The Fixer: A Novel (FSG Classics)
The Fixer: A Novel (FSG Classics)
Format: PDF / Kindle (mobi) / ePub
The Fixer is the winner of the 1967 National Book Award for Fiction and the 1967 Pulitzer Prize for Fiction.
The Fixer (1966) is Bernard Malamud's best-known and most acclaimed novel -- one that makes manifest his roots in Russian fiction, especially that of Isaac Babel.
Set in Kiev in 1911 during a period of heightened anti-Semitism, the novel tells the story of Yakov Bok, a Jewish handyman blamed for the brutal murder of a young Russian boy. Bok leaves his village to try his luck in Kiev, and after denying his Jewish identity, finds himself working for a member of the anti-Semitic Black Hundreds Society. When the boy is found nearly drained of blood in a cave, the Black Hundreds accuse the Jews of ritual murder. Arrested and imprisoned, Bok refuses to confess to a crime that he did not commit.
“You’ll find that out. The warden’s waiting so hurry up or it will go hard on you.” As Yakov came out of the cell an escort of six Cossack guards with crossed bandoleers were lined up in the corridor. The captain, a burly man with a black mustache, ordered the guard to surround the prisoner. “Forward march,” commanded the escort captain. The Cossacks marched the prisoner along the corridor toward the warden’s office. Though Yakov tried to straighten his leg he walked with a limp. He went as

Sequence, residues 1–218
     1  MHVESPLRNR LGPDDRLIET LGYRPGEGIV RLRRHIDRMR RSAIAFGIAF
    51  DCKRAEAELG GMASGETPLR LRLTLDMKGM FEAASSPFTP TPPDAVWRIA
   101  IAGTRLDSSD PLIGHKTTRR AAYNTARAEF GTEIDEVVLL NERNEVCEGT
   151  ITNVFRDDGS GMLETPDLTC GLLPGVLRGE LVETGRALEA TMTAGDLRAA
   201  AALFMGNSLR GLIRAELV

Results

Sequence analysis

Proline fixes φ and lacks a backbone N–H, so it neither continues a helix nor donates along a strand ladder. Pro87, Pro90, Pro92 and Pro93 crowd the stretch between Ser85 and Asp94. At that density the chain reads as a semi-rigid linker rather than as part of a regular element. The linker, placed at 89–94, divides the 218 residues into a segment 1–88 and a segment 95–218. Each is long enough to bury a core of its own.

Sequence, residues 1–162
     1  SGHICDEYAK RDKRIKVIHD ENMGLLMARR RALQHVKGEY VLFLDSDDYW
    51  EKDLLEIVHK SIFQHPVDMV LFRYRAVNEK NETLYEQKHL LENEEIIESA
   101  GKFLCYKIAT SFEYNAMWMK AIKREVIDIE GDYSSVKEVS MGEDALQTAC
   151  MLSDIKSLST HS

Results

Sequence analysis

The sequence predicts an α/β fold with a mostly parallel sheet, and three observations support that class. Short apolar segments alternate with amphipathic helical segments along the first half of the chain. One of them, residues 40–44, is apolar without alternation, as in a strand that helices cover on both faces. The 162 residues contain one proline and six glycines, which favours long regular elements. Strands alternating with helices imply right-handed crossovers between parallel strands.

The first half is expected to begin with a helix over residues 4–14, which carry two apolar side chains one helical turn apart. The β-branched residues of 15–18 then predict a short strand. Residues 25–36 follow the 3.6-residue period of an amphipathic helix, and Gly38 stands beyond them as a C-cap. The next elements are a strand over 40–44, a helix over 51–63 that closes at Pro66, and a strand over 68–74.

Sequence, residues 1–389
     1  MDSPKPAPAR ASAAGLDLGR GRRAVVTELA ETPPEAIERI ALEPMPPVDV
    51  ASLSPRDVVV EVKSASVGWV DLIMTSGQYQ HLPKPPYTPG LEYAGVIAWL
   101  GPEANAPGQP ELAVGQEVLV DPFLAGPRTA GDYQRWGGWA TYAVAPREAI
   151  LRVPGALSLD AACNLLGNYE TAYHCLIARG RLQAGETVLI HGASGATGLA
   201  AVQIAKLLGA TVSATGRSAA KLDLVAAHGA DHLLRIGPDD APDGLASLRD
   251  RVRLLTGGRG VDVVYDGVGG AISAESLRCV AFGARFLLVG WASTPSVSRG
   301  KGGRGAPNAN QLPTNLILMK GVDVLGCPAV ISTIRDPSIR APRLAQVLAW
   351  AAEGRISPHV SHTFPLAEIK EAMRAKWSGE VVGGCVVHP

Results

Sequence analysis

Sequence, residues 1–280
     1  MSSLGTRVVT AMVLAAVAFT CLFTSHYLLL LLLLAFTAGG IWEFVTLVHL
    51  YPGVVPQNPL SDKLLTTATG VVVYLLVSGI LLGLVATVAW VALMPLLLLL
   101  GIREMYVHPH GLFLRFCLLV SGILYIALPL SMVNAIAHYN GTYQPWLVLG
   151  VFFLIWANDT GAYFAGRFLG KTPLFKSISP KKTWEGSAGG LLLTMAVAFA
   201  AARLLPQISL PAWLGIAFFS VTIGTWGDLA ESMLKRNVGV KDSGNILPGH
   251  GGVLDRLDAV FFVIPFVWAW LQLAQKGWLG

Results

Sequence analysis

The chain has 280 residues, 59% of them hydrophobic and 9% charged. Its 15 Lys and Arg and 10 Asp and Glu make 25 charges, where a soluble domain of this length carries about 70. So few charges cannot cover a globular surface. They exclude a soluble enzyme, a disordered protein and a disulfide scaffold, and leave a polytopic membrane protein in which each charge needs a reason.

they passed the brick wall of a factory, its chimneys pouring out coal smoke whipped by the wind into the sky, he caught a reflected glimpse of a faded shrunken Jew in the circle of window and hid from him, but could not, a minute later, from the memory of his gaunt face, its darkened stringy beard white around the bitter mouth, and though he would not weep for himself, his palms, when he rubbed his eyes, were wet. At the factory gate five or six workers had turned to watch the procession; but
returned in a beastly stuffy, crowded train from St. Petersburg, where I had consulted the Minister of Justice, Count Odoevsky.” He leaned forward and said quietly, “I went there to submit the evidence I had already gathered, and to request that the charge against you be limited, as I had already suggested to the Prosecuting Attorney, strictly to the matter of your residing illegally in the Lukianovsky District, or perhaps even dropped altogether if you left Kiev and returned to your native
had a peephole at eye level covered by a metal disk that the guard slipped aside to look in. Once every hour or so during the day a single eye roamed the cell. Zhitnyak was usually there in the daytime and Kogin at night; some days their times overlapped, and occasionally they exchanged shifts. When Yakov secretly pushed aside the disk and looked through the peephole, he could see Zhitnyak sitting in a large chair against the wall, hacking with his pocket knife at a stick, looking at pictures in
it doesn’t go faster I won’t be here to find out what.” “Don’t say that, Yakov. I went myself to see some lawyers in Kiev. Two of them swear they will help you but nobody can move without an indictment.” “So I’ll wait,” said Yakov. Before her eyes he shrank in size. “I’ve brought you some haleh and cheese and an apple in a little pack,” Raisl said, “but they made me leave it at the warden’s office. Don’t forget to ask for it. It’s goat’s cheese but I don’t think you’ll notice.” “Thanks,” said